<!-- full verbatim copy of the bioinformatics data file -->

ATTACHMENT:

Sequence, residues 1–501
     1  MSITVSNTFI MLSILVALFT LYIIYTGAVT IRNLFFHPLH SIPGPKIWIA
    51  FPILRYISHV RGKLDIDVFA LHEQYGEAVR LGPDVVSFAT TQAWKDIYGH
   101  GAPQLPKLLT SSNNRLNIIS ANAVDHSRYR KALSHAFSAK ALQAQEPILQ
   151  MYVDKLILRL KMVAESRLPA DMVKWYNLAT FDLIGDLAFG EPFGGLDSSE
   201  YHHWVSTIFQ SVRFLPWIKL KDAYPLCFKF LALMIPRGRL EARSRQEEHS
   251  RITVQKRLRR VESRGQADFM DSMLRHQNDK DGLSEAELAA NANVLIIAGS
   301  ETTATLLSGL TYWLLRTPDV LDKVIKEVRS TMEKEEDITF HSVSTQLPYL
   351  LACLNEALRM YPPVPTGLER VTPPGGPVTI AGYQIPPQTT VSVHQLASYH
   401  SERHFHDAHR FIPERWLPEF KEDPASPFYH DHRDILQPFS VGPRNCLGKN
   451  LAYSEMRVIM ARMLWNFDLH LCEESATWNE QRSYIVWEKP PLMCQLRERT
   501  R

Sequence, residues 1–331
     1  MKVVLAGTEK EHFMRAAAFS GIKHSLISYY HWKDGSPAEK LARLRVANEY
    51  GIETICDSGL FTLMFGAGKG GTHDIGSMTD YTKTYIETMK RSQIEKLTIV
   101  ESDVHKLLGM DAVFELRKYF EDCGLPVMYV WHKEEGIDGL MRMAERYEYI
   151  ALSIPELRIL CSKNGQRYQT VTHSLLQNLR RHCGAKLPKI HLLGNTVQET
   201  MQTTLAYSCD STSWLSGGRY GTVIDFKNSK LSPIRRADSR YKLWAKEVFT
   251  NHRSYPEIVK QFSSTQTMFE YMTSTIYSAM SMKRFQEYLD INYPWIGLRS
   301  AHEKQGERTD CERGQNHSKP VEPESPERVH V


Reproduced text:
Sequence, residues 1–501
     1  MSITVSNTFI MLSILVALFT LYIIYTGAVT IRNLFFHPLH SIPGPKIWIA
    51  FPILRYISHV RGKLDIDVFA LHEQYGEAVR LGPDVVSFAT TQAWKDIYGH
   101  GAPQLPKLLT SSNNRLNIIS ANAVDHSRYR KALSHAFSAK ALQAQEPILQ
   151  MYVDKLILRL KMVAESRLPA DMVKWYNLAT FDLIGDLAFG EPFGGLDSSE
   201  YHHWVSTIFQ SVRFLPWIKL KDAYPLCFKF LALMIPRGRL EARSRQEEHS
   251  RITVQKRLRR VESRGQADFM DSMLRHQNDK DGLSEAELAA NANVLIIAGS
   301  ETTATLLSGL TYWLLRTPDV LDKVIKEVRS TMEKEEDITF HSVSTQLPYL
   351  LACLNEALRM YPPVPTGLER VTPPGGPVTI AGYQIPPQTT VSVHQLASYH
   401  SERHFHDAHR FIPERWLPEF KEDPASPFYH DHRDILQPFS VGPRNCLGKN
   451  LAYSEMRVIM ARMLWNFDLH LCEESATWNE QRSYIVWEKP PLMCQLRERT
   501  R

Sequence, residues 1–331
     1  MKVVLAGTEK EHFMRAAAFS GIKHSLISYY HWKDGSPAEK LARLRVANEY
    51  GIETICDSGL FTLMFGAGKG GTHDIGSMTD YTKTYIETMK RSQIEKLTIV
   101  ESDVHKLLGM DAVFELRKYF EDCGLPVMYV WHKEEGIDGL MRMAERYEYI
   151  ALSIPELRIL CSKNGQRYQT VTHSLLQNLR RHCGAKLPKI HLLGNTVQET
   201  MQTTLAYSCD STSWLSGGRY GTVIDFKNSK LSPIRRADSR YKLWAKEVFT
   251  NHRSYPEIVK QFSSTQTMFE YMTSTIYSAM SMKRFQEYLD INYPWIGLRS
   301  AHEKQGERTD CERGQNHSKP VEPESPERVH V